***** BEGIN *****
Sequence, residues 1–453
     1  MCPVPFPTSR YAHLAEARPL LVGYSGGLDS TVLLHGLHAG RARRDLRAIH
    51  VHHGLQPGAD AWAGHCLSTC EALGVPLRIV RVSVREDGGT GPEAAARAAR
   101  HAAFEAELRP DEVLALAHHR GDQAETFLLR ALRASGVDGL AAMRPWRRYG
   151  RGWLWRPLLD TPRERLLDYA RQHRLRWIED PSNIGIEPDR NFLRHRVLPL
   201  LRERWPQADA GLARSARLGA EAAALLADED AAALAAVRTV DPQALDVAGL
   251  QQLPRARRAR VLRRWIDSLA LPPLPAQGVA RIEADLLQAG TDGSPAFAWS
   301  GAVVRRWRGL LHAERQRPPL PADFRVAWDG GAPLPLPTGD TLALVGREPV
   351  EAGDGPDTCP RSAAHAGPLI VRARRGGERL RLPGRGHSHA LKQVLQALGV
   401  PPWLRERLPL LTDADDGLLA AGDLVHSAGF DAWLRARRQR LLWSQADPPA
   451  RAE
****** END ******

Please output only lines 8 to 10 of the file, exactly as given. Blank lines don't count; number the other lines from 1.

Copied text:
   301  GAVVRRWRGL LHAERQRPPL PADFRVAWDG GAPLPLPTGD TLALVGREPV
   351  EAGDGPDTCP RSAAHAGPLI VRARRGGERL RLPGRGHSHA LKQVLQALGV
   401  PPWLRERLPL LTDADDGLLA AGDLVHSAGF DAWLRARRQR LLWSQADPPA